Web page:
We have never been closed to a rocket launch before we arrived in Kourou, and we did of course want to go and the visit the space centre. Unfortunately, it turned out that kids younger than 8 years were not allowed on the tour of the compounds. So we decided that Esben would take Runa – he was the one who was the most exited to go 😉 Continue reading
After many visits to Île Royale, we figured it was time to visit Île St. Joseph; the island where inmates would be kept in solitary confinement and total silence for years. We took the dinghy across the small strait where the dead convicts used to be fed to the sharks, and soon realized that the island had no pontoon to land the dinghy, and that we would have to crawl up on the cement dock used by the foreign legion. Everybody got off without getting too wet, and we had a look around. The french foreign legion have a base on the island, and a couple of legioners waved as we passed by their living quarters. Continue reading
The Salvation Islands were once home to one of the world’s scariest prisons. French convicts were sent to St. Laurent on the French Guiana mainland for a life of hard labor. And the most dangerous of them eventually ended up at the Salvation Islands. The main prison was on the Île de Royale, where we were anchored, so after seeing all the animals on our initial tours of the island, we made our way to the top along the prisoner-build road, where most of the ruins are located.
Anchoring in Kourou is very easy, and life goes by without problems, but we missed swimming. So we went back to the “shark infested waters” (thanks wikipedia) of the Devil’s Islands. Whose actual name is “The Salvation Islands”. Here, we wanted to explore the ruins of the French penal colony, which “Papillon” made famous.
The color of the water slowly changed from bright blue to murky brown/green and somehow the smell had changed. We were getting closer to land, and the smell was the smell of the Amazon rainforest. We knew the coast wasn’t far away, but we couldn’t see it. The first sign of land was a dark spot ahead of us; the Salvation Islands, or, as they are better known, at least in Scandinavia, the Devil’s Islands. After 1400 NM of sailing, we had reached French Guiana.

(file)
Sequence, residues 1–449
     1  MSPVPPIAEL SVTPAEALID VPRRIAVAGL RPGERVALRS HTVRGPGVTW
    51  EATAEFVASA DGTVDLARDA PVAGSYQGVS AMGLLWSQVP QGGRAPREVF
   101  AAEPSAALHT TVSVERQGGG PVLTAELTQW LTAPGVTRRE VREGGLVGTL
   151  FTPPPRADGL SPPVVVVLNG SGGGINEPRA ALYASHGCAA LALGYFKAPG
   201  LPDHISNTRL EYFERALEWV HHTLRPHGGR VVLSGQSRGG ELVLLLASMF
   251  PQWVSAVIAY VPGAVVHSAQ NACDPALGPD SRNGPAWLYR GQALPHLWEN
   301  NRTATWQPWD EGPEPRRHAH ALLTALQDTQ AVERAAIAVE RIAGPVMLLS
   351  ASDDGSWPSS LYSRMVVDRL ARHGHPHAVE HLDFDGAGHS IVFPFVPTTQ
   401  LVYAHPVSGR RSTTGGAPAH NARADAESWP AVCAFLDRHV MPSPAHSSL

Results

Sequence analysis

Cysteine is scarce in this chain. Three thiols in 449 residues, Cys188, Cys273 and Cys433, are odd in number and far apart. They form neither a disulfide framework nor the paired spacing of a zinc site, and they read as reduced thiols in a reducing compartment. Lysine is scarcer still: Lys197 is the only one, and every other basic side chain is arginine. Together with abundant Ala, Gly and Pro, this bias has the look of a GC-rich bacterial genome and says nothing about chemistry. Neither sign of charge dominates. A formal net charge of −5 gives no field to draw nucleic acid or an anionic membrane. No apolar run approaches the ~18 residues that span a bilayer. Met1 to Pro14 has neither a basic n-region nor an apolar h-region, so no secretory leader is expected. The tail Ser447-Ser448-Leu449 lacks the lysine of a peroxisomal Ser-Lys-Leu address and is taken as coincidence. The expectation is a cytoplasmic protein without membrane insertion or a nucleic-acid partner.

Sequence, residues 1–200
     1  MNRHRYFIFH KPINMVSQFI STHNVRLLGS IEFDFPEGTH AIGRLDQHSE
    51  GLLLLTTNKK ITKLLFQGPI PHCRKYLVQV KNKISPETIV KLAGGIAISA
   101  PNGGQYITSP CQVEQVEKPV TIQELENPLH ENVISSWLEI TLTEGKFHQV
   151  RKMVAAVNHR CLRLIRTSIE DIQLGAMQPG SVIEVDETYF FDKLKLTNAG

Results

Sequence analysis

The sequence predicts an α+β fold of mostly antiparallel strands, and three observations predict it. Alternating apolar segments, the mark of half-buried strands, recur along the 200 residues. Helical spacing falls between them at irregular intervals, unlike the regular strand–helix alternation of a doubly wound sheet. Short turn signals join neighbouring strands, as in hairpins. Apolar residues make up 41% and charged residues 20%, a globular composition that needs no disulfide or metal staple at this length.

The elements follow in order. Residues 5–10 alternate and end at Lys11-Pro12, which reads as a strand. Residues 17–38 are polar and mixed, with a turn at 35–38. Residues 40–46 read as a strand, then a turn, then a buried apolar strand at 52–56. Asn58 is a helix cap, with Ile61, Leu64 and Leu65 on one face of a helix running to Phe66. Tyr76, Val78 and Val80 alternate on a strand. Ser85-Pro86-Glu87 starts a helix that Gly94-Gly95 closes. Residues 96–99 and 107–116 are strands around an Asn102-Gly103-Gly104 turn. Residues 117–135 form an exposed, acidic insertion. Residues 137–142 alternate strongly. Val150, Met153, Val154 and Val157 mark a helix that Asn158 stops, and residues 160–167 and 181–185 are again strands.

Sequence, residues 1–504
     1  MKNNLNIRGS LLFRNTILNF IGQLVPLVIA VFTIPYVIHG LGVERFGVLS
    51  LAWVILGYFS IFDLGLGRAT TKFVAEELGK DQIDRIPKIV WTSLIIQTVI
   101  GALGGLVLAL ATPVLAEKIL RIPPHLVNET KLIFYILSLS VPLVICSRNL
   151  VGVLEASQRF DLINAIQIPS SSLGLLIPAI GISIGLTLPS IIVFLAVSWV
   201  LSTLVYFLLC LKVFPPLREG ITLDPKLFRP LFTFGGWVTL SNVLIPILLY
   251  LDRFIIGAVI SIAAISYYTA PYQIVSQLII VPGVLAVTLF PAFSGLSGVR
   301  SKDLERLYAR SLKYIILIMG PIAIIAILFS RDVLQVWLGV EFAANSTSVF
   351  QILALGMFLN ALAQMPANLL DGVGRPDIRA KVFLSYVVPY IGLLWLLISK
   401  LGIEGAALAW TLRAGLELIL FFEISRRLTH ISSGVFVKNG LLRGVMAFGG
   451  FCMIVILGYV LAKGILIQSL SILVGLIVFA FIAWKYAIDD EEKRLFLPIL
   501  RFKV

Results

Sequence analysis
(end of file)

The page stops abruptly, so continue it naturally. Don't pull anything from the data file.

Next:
We have now been living on Chip-Chip for a year (well, actually more than a year, as the blog is a bit behind). So maybe it’s time to stop a little bit and think about how different our lives have been for this past year, compared to what we had before.
We have sailed almost 10.000 nautical miles in this past year. We have visited countries in Europe, Africa and South America and have sailed in the North Sea, the inner waterways of Europe, the Mediterranean Sea and the Atlantic Ocean. We have been to so many different places, with different nature, culture, religion, climate etc. Sometimes (actually most of the time) we find it hard to believe that it’s possible to take a little boat, such as ours, and make it ready to sail to all these places in such a relatively short time.
On the 1stof July, it was one year since we left Bremerhaven early in the morning, and set course for the Netherlands, the Mediterranean, West Africa, Brazil and finally, French Guiana. A whole year of living four people in a 28-foot boat. We have sailed 9220 nautical miles in that year and visited places, which we never dreamt it was possible to reach with our little boat. Below is a short summary of the year in pictures. Continue reading
After leaving the Cabanga Yacht Club in Recife, Brazil, we had some of the fastest days of sailing we have ever had. We were pushed along the north coast of Brazil by a combination of winds and currents going in the same direction as us, and after 5 days of sailing we were celebrating being halfway to French Guiana. We, of course, were already looking forward to arriving five days later. By then, we were passing the delta of the Amazon River, and soon the winds became weaker, current seemed to be confused, and our speed dropped considerably. Bye, bye early arrival.
When meeting other sailors, we’re often asked if we never get seasick. We have done quite a few longer passages since we left the Canaries, and people assume that we must be hardcore sailors. But in reality, Runa and Esben suffer horribly from seasickness during the first couple of days of sailing. When it’s really bad, Esben throws up every 15 minutes. Mattis and I don’t get it as badly as the others, but we also do get seasick sometimes. So seasickness is something we have to take into consideration when preparing for a passage.
We arrived back in the anchorage by Itaparica just before sunset, but as we went to turn off the engine, the handle came off. So quickly, before the light completely disappeared, Esben had to open the hatch to the motor, stick his head down in the darkness, and figure out where the line that cut off the diesel supply was located on the engine. After a quick look around, he found the right one, and silence fell over the anchorage. Continue reading